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Clin Gastroenterol Hepatol. 2008 Feb;6(2):255-8. doi: 10.1016/j.cgh.2007.11.010. Epub 2008 Jan 9.

Methasteron-associated cholestatic liver injury: clinicopathologic findings in 5 cases.

Author information

1
Department of Gastroenterology, Lahey Clinic Medical Center, Burlington, Massachusetts 01805, USA.

Abstract

BACKGROUND & AIMS:

Methasteron is a nutritional supplement used to increase weight or accelerate the build-up of muscle mass. The aim of this study was to describe 5 cases of hepatotoxicity in patients using methasteron seen at tertiary-care medical centers.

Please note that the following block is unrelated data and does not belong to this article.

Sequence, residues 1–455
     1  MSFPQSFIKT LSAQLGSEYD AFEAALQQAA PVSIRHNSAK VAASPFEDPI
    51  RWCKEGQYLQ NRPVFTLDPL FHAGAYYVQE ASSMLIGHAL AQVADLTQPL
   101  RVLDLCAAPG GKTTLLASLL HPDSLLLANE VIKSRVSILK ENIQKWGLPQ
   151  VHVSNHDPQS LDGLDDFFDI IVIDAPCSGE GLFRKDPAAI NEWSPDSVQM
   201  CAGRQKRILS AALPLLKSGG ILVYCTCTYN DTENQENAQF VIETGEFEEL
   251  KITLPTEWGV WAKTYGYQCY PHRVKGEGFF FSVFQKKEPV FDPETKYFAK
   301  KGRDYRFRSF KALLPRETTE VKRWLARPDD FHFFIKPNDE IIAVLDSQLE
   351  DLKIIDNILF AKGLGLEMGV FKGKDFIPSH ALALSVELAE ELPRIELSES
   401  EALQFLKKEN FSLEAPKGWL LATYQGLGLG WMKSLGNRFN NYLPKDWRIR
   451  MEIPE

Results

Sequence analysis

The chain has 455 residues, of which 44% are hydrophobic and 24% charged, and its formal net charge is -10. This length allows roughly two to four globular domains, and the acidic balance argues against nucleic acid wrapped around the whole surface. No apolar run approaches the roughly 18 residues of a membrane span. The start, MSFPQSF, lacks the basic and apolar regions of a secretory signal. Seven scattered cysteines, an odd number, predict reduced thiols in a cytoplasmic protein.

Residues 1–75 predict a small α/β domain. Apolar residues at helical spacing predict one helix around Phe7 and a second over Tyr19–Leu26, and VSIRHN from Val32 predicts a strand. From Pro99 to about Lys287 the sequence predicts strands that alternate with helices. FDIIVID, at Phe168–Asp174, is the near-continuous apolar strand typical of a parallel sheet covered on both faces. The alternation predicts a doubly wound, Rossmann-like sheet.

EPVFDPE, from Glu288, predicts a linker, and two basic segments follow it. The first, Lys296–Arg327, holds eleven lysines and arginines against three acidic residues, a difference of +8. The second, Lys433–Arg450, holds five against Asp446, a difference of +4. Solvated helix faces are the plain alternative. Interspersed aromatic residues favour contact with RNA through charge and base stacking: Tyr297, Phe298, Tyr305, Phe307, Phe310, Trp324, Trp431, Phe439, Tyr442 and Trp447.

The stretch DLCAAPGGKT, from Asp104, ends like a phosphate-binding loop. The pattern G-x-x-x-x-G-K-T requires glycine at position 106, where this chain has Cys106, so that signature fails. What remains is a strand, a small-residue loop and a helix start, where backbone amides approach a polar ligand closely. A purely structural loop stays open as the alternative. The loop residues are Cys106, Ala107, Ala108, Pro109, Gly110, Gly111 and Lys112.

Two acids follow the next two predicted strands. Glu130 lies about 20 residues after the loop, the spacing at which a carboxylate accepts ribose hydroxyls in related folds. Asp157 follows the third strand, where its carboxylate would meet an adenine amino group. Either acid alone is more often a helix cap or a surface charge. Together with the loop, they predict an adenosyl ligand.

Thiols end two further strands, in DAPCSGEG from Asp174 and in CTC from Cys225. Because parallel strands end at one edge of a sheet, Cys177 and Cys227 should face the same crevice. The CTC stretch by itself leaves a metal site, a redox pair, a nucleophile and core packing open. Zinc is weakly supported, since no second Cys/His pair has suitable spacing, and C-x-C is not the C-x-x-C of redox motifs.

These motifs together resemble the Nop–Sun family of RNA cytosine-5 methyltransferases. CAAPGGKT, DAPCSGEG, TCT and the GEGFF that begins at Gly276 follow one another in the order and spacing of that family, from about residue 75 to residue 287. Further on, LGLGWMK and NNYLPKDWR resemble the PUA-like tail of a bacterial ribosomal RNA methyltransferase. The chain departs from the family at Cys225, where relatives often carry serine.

METHODS:

A case report design was used.

RESULTS:

Five previously healthy patients who used methasteron developed jaundice 2 weeks after discontinuation; they presented to a tertiary-care medical center 2 weeks later. Within another 2 to 3 weeks, bilirubin levels peaked. About 12 weeks after initial presentation, all cases resolved with no identifiable residual hepatic dysfunction.

CONCLUSIONS:

Methasteron use can result in severe hepatotoxicity. Liver failure can worsen after initial presentation, especially within 2 weeks. With close observation and supportive care, acute hepatic injury should resolve.

PMID:
18187367
DOI:
10.1016/j.cgh.2007.11.010
[Indexed for MEDLINE]

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